The U.S. Department of Agriculture (USDA) has published a report detailing the status of the legal hemp market in neighboring Canada.
The six-page document from Agricultural Attaché Evan Mangino shows that while Canada legalized hemp about 20 years ago—with the U.S. moving to allow the crop under agriculture legislation enacted just last year—producers in both countries are facing similar regulatory challenges.
Of the nearly 5,400 metric tons of hempseed Canada exported last year, more than 70 percent went to the U.S., a figure that will presumably significantly fall going forward with large-scale domestic hemp farms expected to come online across the country by next growing season.
Until recently, hemp farmers in the U.S. said they faced difficulties obtaining hemp seed from Canada, prompting USDA to clarify in April that such imports are permitted under the 2018 Farm Bill.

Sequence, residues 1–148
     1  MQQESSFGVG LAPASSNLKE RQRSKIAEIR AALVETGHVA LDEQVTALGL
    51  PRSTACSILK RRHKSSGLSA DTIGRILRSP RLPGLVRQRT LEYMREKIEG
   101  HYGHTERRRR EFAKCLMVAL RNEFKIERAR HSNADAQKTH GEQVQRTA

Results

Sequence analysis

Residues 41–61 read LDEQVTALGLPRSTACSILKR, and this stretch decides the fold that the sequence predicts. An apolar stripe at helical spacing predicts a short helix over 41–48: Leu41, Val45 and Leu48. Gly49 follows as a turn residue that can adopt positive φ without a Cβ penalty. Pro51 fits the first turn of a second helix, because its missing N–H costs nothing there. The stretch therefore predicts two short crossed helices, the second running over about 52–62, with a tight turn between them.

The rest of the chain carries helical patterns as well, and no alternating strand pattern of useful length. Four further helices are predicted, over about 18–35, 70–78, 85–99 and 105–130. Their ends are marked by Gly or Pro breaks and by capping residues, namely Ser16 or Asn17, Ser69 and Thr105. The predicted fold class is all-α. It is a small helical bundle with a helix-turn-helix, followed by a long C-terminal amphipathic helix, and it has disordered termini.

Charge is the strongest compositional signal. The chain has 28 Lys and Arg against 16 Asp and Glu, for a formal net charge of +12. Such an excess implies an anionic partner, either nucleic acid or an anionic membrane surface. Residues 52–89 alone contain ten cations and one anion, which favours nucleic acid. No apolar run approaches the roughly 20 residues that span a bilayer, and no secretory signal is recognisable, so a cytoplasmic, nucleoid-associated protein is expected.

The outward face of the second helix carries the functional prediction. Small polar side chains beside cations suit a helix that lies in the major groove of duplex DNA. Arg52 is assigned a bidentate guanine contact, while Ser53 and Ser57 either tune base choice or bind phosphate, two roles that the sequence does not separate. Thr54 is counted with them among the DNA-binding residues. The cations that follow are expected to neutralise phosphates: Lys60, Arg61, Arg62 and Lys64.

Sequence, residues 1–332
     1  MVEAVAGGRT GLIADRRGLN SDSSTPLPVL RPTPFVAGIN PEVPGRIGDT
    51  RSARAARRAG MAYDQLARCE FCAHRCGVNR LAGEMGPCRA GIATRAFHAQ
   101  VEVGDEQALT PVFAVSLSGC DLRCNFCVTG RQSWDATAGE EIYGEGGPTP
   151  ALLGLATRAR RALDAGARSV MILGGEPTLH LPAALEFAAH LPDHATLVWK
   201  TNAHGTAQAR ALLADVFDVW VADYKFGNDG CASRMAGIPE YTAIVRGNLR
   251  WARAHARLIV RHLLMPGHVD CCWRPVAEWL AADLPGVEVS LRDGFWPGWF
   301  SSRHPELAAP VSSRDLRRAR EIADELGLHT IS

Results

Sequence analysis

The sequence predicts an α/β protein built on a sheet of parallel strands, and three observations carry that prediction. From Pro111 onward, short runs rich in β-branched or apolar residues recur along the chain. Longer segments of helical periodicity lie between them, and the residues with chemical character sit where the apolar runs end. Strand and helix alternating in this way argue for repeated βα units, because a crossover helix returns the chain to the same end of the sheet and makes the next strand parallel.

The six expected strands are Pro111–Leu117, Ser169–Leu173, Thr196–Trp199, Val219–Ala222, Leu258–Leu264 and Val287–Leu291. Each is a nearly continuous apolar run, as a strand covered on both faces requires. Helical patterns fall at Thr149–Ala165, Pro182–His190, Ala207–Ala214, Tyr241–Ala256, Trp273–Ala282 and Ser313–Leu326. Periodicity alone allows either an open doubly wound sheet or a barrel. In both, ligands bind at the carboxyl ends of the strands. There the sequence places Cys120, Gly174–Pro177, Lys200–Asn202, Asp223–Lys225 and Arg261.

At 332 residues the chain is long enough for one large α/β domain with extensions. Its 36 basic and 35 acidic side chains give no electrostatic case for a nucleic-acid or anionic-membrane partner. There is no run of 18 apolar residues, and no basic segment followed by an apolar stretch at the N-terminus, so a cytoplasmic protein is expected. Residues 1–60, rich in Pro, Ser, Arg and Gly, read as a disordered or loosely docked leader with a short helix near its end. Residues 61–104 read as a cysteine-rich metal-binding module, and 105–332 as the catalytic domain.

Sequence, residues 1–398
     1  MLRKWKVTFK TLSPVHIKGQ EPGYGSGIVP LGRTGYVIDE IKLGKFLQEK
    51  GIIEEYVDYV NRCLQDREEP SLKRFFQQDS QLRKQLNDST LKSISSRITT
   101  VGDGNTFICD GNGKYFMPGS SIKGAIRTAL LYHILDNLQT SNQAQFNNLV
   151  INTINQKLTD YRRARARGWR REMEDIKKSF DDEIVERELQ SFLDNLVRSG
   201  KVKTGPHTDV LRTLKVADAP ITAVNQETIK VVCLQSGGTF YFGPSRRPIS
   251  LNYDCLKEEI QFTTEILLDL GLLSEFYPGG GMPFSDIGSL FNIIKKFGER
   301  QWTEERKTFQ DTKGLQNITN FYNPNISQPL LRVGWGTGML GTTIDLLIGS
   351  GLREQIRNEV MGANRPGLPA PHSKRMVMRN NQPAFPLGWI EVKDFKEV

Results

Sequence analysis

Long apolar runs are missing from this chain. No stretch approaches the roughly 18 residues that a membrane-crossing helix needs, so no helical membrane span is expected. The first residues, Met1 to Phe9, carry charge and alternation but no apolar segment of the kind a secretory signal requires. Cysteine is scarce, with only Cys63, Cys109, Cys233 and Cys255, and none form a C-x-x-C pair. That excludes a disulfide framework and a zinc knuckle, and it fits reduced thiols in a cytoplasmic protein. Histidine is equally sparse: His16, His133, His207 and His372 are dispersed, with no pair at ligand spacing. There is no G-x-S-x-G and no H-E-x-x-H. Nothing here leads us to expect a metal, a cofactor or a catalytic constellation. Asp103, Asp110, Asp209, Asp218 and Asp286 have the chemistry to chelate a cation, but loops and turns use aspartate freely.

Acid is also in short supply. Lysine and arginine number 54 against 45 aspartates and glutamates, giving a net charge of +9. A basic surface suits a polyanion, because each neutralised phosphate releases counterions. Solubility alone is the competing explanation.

The report, which was published late last week, also notes that the bulk of hemp cultivated in Canada is used to produce nonviable hempseed, which is added to food products such as “hulled hemp seeds, hemp-based snack foods, hemp oils, hemp protein powders, hemp flour and hemp meal.”
However, because of current regulatory guidelines, hemp and its derivatives cannot currently be used to feed livestock or pets, and CBD cannot be included in health supplements.
“Hemp and hemp products are not currently approved as livestock feed or feed ingredients in Canada,” the attaché wrote. “In the future, each hemp product intended to be used as a livestock feed single ingredient (such as hemp meal, hemp oil, or hemp seeds) will require